Shawn Vestal: We took big steps on marriage and marijuana, but the journey isn’t finishedPosted by On

Ten years ago, our state took two momentous steps in one momentous election: We legalized recreational marijuana and we equalized marriage.

We were at the leading edge of both changes, and since then, a lot of the country caught up. We were the among the first states to legalize gay marriage – initially through the Legislature and then by referendum – and one of the first to legalize marijuana.

We rapidly absorbed these changes. For much of the time since, what was once novel came to seem ordinary – simply just and proper. Steps once deemed urgent and dramatic simmered into normalcy.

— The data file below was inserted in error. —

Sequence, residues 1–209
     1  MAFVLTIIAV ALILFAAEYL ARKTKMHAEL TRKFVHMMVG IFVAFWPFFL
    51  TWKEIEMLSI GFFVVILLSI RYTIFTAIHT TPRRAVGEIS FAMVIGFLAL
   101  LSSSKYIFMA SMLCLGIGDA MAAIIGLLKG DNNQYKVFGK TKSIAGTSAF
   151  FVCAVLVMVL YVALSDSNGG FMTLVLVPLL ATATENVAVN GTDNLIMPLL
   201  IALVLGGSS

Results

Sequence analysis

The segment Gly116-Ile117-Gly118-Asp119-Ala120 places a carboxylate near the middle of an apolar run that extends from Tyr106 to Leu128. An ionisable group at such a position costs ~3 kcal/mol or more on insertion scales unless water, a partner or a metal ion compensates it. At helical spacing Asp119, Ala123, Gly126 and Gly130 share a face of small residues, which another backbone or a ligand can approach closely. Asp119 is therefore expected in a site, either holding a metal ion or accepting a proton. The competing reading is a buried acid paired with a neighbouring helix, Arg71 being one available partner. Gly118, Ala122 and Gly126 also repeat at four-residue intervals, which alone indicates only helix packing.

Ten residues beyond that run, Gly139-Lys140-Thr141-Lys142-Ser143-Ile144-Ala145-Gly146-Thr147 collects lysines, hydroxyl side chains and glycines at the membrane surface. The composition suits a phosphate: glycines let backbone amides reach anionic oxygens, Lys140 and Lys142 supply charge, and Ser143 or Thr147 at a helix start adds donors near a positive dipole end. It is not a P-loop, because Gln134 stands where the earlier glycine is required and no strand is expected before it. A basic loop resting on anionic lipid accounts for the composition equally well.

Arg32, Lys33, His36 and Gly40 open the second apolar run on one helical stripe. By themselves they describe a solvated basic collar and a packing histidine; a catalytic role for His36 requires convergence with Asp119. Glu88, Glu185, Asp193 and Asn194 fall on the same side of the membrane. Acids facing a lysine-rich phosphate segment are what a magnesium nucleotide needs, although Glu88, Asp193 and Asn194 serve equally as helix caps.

And yet these new normals began far more tenuously than we might remember.

And their future is far from settled.

The right for gay couples to marry has suddenly come to seem more precarious than it once had. Our congresswoman, Cathy McMorris Rodgers, voted Thursday against the bill protecting the marriage rights for gay people, though that bill seems certain to become law. And in a political environment of ugly, resurgent homophobia, the Supreme Court seems poised to sanction further discrimination against gay couples on religious grounds.

And while the explosive growth of marijuana sales has not been greeted with a similar court challenge, the 21 states where recreational pot is legal face the future possible complications of a long-overdue change at the federal level – which would bring with it a host of regulatory and legal challenges.

In other words, a decade after…

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